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Followup colonoscopy in patients with a history of nonmetastatic colorectal cancer improves survival

Colorectal cancer is the second leading cause of cancer deaths in the United States, and patients who have a history of nonmetastatic colorectal cancer should have a followup colonoscopy to reduce their risk of death from this cancer, recommends this study. The researchers found that the risk of death was decreased by 43 percent in a group of patients who had at least one followup colonoscopy compared with patients who had none. Those who did not have any followup colonoscopy were 1.8 times more likely to die (from all causes) at any given point during the 5-year followup than those who had a colonoscopy.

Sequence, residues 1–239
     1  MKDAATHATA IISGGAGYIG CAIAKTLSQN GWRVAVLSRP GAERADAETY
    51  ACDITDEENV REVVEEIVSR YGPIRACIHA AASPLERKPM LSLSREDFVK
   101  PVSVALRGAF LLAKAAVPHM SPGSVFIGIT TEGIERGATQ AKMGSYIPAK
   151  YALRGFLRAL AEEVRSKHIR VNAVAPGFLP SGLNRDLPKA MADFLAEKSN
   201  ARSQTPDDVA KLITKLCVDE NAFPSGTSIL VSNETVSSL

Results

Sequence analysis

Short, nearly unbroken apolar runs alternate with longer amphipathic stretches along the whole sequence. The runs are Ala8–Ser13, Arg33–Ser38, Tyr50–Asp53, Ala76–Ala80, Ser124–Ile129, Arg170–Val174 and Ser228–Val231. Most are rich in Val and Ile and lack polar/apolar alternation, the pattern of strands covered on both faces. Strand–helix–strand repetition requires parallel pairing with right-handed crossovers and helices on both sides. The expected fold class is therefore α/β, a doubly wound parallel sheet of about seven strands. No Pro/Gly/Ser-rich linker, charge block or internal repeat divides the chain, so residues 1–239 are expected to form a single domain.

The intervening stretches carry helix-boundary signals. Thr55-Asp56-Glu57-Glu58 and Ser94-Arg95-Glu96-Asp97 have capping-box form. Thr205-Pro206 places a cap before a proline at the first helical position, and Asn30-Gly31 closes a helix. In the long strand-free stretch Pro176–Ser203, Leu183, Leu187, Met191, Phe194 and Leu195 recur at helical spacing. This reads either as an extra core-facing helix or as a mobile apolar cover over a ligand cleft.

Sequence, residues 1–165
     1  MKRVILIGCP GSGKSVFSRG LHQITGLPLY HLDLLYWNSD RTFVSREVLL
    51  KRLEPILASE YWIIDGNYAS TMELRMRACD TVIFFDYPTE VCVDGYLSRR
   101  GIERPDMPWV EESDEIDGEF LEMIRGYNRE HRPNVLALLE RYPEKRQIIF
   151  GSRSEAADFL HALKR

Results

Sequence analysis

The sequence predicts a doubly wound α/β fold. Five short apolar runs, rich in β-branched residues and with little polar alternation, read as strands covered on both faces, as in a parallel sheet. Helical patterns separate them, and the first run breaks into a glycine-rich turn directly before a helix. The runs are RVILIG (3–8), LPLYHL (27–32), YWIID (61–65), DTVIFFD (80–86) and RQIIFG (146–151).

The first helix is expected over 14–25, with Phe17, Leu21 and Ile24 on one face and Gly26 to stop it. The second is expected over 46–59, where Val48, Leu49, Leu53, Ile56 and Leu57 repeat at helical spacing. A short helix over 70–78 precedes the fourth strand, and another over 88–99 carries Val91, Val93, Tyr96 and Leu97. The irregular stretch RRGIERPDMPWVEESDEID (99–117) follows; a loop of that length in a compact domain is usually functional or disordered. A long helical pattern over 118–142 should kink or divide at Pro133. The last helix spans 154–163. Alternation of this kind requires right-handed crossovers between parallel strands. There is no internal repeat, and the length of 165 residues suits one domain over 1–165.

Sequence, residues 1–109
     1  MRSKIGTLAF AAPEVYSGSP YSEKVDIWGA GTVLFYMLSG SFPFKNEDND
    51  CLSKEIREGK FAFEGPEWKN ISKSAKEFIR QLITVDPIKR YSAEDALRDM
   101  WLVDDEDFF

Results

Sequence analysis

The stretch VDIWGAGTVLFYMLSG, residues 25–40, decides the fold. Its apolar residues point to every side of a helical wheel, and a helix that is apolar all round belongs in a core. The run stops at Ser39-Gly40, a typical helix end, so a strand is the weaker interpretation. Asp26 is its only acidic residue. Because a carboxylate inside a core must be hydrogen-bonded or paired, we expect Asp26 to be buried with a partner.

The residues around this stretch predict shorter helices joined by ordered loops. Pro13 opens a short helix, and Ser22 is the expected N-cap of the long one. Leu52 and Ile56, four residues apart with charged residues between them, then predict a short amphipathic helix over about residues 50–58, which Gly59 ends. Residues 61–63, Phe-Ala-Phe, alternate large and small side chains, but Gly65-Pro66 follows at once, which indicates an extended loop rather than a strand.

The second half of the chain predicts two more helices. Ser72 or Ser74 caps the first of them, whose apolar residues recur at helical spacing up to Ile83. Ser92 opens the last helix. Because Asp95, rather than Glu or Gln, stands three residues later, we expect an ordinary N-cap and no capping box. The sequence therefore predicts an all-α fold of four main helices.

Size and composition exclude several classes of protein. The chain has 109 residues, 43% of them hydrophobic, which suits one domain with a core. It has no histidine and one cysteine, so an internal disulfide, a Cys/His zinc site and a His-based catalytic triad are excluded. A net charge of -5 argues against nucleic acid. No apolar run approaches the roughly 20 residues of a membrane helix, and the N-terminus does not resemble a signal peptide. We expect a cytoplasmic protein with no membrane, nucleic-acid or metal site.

This is the first study to demonstrate a significant survival benefit for endoscopic followup for patients with colorectal cancer, note Deborah A. Fisher, M.D., M.H.S., of Duke University Medical Center, and her colleagues. Their findings are based on an analysis of data on 3,546 patients who were listed in Veterans Affairs national databases with a new diagnosis of colorectal cancer during fiscal years 1995 and 1996.

The researchers compared 5-year mortality rates of patients who received at least one colonoscopy after their diagnosis with patients who had no further procedures, after adjusting for age, race, chemotherapy, radiation therapy, and coexisting illness. Their research was supported in part by the Agency for Healthcare Research and Quality (NRSA training grant T32 HS00079).

See "Mortality and follow-up colonoscopy after colorectal cancer," by Dr. Fisher, Amy Jeffreys, M.Stat., Steven C. Grambow, Ph.D., and Dawn Provenzale, M.D., M.S., in the American Journal of Gastroenterology 98(4), pp. 901-906.

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